Nordson Corp.’s Lorain County roots run deep.
The global industrial company, based in Westlake, was founded in Amherst by Eric and Evan Nord, sons of local industrialist Walter G. Nord. While the Nord family no longer runs the company, the manufacturer retains close ties to the community, and nowhere is that more evident than in its relationship with SMART Microsystems, located in the Richard Desich SMART Commercialization Center for Microsystems on Lorain County Community College’s Elyria campus.
Roots of the partnership
The relationship between Nordson and SMART began in 2010 when the center bought state-of-the-art equipment from Nordson’s Advanced Technology Systems group, giving it a competitive advantage with capabilities in automated dispensing, plasma treatment and X-ray inspection.
“We do microelectronic packaging, and Nordson manufactures a wide variety of equipment that supports that,” says Matt Apanius, president and managing director of SMART Microsystems. “When we first got SMART off the ground, we purchased four initial pieces of equipment from them.”
From that initial interaction, Nordson and SMART developed an ongoing dialogue, discussing the capabilities of both organizations and how they could develop synergies that would drive both the company and the college forward.
“They had a couple of conferences on site, and we attended,” says Dave Selestak, business development manager for Nordson MARCH, part of the Advanced Technology Systems group. “That, in particular, allowed us to see the additional capabilities SMART had gained as far as microelectronic diagnostic capabilities and the like.”
The fact that Nordson, SMART and LCCC are all located in the same region also provided shared motivation for partnering.
“SMART and LCCC are organizations committed to helping individuals and businesses in the region,” says Apanius. “You want to help the people in your own backyard, because when they’re successful, it benefits everyone who lives here.”
Uncovering new opportunities
Over the last six years, Nordson and SMART have worked together on a number of projects. SMART’s ongoing acquisition of advanced equipment and new capabilities has made it an increasingly valuable resource to Nordson.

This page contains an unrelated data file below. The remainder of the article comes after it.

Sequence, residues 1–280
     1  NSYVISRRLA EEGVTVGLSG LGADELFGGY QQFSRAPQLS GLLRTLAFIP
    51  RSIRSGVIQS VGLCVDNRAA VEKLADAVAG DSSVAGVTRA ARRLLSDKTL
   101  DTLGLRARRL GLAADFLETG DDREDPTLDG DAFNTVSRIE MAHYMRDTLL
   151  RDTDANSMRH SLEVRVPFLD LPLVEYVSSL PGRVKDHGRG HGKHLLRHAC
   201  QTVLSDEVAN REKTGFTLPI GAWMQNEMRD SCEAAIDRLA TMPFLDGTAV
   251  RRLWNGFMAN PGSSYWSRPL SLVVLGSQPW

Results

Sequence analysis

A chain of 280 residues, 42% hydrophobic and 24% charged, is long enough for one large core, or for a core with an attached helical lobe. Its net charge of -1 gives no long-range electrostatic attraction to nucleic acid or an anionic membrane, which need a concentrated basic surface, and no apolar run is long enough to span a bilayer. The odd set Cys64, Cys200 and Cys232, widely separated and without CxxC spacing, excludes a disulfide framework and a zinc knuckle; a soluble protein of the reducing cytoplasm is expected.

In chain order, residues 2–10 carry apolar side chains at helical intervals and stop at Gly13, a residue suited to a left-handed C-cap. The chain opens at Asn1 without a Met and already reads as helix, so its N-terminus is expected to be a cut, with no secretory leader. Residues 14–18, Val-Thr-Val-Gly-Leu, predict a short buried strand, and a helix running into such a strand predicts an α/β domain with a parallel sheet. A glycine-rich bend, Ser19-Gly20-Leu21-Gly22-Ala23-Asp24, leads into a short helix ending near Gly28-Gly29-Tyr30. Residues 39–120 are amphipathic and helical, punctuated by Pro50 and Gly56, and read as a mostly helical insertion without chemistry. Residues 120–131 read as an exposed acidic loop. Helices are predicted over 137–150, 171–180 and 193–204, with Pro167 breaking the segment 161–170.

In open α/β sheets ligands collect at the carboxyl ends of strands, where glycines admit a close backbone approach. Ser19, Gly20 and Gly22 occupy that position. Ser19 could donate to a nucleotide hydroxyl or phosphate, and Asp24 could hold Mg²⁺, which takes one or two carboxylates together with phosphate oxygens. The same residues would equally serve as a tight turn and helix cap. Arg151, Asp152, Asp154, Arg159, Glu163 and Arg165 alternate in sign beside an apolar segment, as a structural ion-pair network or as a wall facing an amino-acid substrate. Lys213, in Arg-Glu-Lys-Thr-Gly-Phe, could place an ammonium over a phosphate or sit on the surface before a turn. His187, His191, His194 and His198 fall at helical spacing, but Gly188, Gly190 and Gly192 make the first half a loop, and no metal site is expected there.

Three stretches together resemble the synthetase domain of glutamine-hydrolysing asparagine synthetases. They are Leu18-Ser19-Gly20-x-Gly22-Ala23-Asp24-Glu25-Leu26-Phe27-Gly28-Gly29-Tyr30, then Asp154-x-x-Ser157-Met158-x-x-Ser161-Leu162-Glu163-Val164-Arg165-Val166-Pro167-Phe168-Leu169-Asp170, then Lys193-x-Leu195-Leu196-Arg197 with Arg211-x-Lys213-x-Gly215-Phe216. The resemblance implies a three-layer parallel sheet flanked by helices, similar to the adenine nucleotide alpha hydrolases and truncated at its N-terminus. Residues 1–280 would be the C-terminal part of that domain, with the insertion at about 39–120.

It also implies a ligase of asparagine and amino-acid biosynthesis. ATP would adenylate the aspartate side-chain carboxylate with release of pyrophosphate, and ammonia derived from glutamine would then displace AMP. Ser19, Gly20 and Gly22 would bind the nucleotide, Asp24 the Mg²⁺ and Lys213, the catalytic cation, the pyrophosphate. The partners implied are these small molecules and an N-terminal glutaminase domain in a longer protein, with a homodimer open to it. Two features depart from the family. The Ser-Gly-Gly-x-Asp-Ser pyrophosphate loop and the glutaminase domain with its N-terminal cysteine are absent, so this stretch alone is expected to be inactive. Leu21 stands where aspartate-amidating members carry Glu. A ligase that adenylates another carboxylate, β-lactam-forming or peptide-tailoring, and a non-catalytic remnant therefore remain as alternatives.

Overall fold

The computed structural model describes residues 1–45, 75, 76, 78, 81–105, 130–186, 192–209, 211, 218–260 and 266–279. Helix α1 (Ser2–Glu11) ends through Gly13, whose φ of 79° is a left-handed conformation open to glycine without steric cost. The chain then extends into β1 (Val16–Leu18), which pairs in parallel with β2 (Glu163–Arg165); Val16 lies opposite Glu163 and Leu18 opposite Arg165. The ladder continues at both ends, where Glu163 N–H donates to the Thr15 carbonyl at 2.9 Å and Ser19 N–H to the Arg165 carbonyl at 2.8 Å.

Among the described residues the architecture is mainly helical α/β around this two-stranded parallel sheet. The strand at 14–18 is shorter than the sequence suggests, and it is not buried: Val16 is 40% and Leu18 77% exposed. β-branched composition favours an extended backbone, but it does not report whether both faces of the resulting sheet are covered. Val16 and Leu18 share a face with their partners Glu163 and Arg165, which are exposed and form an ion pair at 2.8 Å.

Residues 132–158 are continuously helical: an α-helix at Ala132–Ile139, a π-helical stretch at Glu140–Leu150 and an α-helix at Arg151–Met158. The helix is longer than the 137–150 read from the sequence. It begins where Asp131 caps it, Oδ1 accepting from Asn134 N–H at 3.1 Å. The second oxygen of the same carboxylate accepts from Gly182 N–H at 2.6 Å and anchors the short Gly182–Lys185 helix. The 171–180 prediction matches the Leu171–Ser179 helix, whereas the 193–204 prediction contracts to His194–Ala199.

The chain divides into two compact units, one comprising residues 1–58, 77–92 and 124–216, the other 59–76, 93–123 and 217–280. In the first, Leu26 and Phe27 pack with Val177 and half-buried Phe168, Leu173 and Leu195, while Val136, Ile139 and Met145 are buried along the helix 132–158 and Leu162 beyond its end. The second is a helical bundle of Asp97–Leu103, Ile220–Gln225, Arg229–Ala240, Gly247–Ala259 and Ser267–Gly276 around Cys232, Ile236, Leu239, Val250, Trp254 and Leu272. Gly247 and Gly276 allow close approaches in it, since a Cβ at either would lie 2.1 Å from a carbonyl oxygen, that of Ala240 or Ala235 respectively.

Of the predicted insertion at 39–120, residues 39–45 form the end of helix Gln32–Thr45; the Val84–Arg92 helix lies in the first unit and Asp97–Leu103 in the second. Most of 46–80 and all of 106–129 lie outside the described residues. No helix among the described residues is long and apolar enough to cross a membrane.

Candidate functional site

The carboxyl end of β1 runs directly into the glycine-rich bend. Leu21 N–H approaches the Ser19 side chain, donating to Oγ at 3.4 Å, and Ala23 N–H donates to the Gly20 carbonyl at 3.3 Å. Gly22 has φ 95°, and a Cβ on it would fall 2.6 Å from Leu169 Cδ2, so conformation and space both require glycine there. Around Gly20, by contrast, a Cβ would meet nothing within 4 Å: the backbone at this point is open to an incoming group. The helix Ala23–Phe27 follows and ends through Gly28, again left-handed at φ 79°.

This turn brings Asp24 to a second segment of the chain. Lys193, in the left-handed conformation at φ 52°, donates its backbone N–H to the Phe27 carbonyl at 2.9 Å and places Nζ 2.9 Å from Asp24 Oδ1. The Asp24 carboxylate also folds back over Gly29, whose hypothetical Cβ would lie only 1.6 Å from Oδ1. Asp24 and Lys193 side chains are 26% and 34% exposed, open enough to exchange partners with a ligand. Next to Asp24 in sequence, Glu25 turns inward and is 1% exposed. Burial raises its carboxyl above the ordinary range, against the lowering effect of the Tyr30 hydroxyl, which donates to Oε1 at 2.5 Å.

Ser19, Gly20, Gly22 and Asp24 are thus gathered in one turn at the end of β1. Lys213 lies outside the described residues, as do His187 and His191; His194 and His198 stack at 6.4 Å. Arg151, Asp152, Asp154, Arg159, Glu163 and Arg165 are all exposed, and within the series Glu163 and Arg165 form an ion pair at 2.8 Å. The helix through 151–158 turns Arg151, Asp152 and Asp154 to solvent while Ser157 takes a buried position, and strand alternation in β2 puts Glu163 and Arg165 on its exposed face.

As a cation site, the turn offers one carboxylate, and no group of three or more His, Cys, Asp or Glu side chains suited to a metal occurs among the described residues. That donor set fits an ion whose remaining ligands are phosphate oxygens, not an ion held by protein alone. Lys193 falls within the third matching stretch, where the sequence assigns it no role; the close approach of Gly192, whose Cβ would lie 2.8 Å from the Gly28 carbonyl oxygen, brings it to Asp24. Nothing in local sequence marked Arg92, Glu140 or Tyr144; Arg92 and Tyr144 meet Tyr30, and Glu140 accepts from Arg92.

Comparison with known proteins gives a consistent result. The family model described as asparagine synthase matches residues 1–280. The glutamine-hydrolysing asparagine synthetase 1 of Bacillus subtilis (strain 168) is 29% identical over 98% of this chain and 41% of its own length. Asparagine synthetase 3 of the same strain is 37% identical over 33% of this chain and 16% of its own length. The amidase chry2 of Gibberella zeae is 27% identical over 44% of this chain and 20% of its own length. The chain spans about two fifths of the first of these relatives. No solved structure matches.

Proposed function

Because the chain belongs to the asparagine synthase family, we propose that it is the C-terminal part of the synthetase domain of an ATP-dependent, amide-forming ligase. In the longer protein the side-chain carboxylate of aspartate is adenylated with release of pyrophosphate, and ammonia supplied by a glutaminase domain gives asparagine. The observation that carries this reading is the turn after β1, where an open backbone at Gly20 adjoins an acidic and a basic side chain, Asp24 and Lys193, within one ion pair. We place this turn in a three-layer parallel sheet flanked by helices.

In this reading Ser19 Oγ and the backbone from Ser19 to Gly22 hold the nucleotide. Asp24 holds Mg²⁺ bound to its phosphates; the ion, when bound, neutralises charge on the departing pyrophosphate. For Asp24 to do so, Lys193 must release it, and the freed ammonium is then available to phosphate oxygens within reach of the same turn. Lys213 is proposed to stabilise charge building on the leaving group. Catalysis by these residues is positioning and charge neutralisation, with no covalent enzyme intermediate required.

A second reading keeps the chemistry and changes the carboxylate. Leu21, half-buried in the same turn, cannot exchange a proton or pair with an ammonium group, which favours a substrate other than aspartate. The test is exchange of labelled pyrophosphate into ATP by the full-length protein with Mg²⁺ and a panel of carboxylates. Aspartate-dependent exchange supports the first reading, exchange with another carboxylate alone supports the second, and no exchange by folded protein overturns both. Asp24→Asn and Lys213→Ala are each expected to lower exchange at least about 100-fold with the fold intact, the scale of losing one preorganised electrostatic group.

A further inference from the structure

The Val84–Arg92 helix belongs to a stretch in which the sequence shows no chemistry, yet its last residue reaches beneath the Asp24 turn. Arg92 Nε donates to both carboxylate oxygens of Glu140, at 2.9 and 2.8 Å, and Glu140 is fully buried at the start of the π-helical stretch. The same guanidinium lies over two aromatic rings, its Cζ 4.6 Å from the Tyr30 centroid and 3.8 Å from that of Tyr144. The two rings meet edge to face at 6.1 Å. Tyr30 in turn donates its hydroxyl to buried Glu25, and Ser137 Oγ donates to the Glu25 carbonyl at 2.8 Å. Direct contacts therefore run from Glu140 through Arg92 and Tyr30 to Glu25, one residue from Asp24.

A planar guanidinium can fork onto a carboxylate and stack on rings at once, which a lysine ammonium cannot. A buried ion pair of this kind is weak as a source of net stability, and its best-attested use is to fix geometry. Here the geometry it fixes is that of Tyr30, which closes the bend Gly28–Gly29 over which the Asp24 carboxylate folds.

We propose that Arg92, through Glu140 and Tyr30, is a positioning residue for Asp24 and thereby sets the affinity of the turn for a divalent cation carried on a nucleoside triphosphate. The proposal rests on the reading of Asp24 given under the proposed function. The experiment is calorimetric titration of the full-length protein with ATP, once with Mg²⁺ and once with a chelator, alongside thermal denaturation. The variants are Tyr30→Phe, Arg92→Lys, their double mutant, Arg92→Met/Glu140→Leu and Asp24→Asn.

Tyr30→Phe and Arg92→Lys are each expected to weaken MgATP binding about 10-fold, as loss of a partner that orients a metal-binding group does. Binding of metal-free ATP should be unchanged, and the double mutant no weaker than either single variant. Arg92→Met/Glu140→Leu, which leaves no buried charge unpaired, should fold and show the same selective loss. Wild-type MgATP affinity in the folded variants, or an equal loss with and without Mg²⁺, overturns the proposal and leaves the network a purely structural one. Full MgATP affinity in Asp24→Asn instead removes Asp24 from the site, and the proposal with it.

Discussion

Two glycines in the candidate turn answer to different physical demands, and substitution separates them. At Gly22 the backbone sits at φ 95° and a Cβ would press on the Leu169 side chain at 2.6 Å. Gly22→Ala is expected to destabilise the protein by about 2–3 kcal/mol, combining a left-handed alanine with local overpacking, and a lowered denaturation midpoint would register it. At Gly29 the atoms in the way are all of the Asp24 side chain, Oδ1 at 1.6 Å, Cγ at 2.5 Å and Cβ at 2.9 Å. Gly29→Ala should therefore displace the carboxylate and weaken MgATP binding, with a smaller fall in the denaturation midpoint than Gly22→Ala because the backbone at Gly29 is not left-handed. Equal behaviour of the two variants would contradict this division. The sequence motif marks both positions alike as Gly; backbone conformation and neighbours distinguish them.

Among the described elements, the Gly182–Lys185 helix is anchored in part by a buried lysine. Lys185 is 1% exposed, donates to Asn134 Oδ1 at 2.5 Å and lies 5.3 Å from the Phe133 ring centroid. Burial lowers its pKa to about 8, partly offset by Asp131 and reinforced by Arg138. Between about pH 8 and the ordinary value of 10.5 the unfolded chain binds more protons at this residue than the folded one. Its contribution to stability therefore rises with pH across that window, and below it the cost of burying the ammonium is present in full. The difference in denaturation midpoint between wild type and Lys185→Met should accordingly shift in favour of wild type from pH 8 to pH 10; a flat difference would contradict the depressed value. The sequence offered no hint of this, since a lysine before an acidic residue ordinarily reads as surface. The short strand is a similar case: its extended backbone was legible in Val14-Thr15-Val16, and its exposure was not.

“For about a year and a half, Nordson needed sophisticated camera capabilities for looking at microelectronic devices,” Selestak says. “We worked on some designs of experiments (DOEs) that we wanted to turn into a white paper to distribute to conferences and trade shows.”
Nordson worked with SMART and LCCC Business Growth Services to fund a DOE, a systematic approach to finding the relationship between factors affecting a process and the output of that process. That support helped pay for an LCCC student intern to develop a white paper evaluating how plasma might benefit the manufacture of microelectronics, especially circuit boards.
The white paper – which showed that plasma helps clean circuit boards without inflicting any damage – was presented to a global audience at the 2015 Surface Mount Technology Association International conference in Chicago.
“That student now works at SMART,” Apanius says. “It’s a great example of how everyone can work together for a lasting benefit to everyone involved.”
Nordson continues to market the results of the study and has performed other DOEs with customers to find new uses for its plasma technology. The company is using the analytic capabilities and inspection equipment of SMART Microsystems to conduct the studies, which are a critical part of the commercialization process.
In addition to these projects, Nordson has sponsored a series of biomedical sensor technology conferences at LCCC, helping to boost the industry’s profile across the region.
“We bought equipment from them, they’ve helped us with event sponsorships, and now we’re helping them find new applications for their products,” Apanius says. “We’re both open to new ways in which we can work together, and that’s a big factor in our combined success.”
Helping Nordson grow
As Nordson continues to leverage SMART to help develop new product lines, Selestak considers the relationship a critical factor in Nordson’s continued success and growth.
“SMART and LCCC are very valuable sources for developmental capabilities,” Selestak says. “When you are in the process of developing a device, LCCC not only has the facilities to support the tangible needs of development but also the industry expertise that is going to help shorten the time to market. It’s not only about developing the device, it’s about turning it into something that’s commercially viable, and doing it as soon as you can.”
Meanwhile, the partners always looking for new ways that their relationship and mutual goals can benefit each other, as well as the region.
“The more applications Nordson develops, the more they sell, so that’s an instance where the partnership has a direct correlation to their bottom line,” Apanius says. “Every time we’ve worked together, it’s been a win-win for SMART, the college and Nordson. We’re creating a high level of mutual value for all involved, and that’s always what you want to aim for.”